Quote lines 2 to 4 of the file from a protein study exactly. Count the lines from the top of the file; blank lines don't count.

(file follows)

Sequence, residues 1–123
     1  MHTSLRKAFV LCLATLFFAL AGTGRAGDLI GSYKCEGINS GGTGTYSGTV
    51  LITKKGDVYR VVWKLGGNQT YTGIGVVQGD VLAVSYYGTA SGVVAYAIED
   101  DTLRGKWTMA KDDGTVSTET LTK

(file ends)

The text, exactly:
     1  MHTSLRKAFV LCLATLFFAL AGTGRAGDLI GSYKCEGINS GGTGTYSGTV
    51  LITKKGDVYR VVWKLGGNQT YTGIGVVQGD VLAVSYYGTA SGVVAYAIED
   101  DTLRGKWTMA KDDGTVSTET LTK